Southwell Minster has been hosting an exhibition The Art of Mary here as a lead into the celebration of Candlemas. It presents the work of 22 contemporary artists whose names I've included below. It's a really unusual and exciting exhibition showcasing an amazing variety of images that provoke conversation between themselves and enliven the attempt to conceptualise the Mary hidden in the stories, biblical and traditional, we have about her. This is the interaction of theology and art at their best.
Matthew Askey's very personal oils portray the 'self effacing generosity' required by motherhood while Mark Cazalet's Epiphany Star is universal in scale, combining ideas from the Magnificat and the Magis' profession to produce an extraordinary canvas ranging across the joy and grief of Mary's experience and connecting it to the experience of all humanity touched by the Divine. Nicholas Mynheer's ten Scenes from the Life of Mary encompass most of the narratives we have about Mary 'from the teenage mother (who pondered the word of God in her heart) to the young mother who seemingly overrides Jesus' words at Cana...to the mature mother at the foot of the cross.' Each picture introduced me to some observation or question about Mary I had not encountered before. Karen Thompson's photographs, although 'inspired by the art of Renaissance painters and 'Old Masters',' had a very contemporary feel and raised for me questions about memory and generational wisdom passed between mothers and daughters. One of the most striking paintings, (perhaps its impact was enhanced as it was the first one I saw) is Roger Wagner's Writing in the Dust. At first viewing, it does not seem to be about Mary at all but about the woman taken in adultery in John 8. The artist's comment explains why this depicts something significant about Mary but I won't spoil the impact by repeating it here. However, the painting is haunting in the many, many questions it raises about first century and twenty first century relationships between religions, genders and communities. Jean Lamb's Our Lady of Mercy and Our Lady of Sorrows, displayed to good effect in the Chapter House, brings Mary's open, potential-drenched womb to the heart of the exhibition and adds the teasing detail of unknown divine? human? hands holding or, perhaps, presenting Mary herself as gift among us. Susie Hamilton depicts the post-annunciation moments following the angel's departure, showing Mary deep in thought amid gorgeous, light-filled emptiness. Sophie Hacker's First Communion of the Virgin is inspired by Oliver Messiaen's Vingt Regards Sur L'Enfant Jesus and returns us to the universal significance of the Christ event - Mary's womb with a 'fragment of nascent life' presents over a background of star-scattered space.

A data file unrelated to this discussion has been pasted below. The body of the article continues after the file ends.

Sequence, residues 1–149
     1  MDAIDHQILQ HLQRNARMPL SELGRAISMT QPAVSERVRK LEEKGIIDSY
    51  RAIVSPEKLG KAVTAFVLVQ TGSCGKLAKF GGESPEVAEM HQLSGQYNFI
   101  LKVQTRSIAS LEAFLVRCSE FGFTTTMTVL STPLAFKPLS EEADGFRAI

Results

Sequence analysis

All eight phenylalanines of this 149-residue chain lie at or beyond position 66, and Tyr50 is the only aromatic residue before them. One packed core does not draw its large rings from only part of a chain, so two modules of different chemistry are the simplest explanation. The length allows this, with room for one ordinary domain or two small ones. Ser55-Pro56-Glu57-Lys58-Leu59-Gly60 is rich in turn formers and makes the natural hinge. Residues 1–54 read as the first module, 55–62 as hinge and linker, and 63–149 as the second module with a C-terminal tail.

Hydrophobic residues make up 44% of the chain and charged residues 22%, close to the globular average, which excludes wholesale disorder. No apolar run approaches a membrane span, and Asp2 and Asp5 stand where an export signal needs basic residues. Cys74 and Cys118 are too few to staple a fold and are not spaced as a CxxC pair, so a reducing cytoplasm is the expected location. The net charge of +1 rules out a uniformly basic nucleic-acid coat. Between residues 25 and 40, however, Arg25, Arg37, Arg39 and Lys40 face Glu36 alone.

The other artists are Hester Finch, Chris Gollon, Lee Harvey, Ellie Hewitt, Rebecca Hind, Iain McKillop, Hannelore Nunn, Celia Paul, Gill Sakakini, Anna Sikorsky, Helen Sills, Hanna-Leena Ward, Tom Wood and Sandra Cowper. Matthew Askey led a schools-based project (the Minster School, Huthwaite and Selston schools) to create an origami nativity.
The exhibition as a whole is a wonderful preparation for meditation on the mysterious story of Christ's presentation in the temple. I went twice with different friends and both times found it rich with insights into the way sorrow and joy, practicality and dreams, specific detail and universal significance, fear and hope are brought together in the words exchanged between Simeon, Anna and Mary.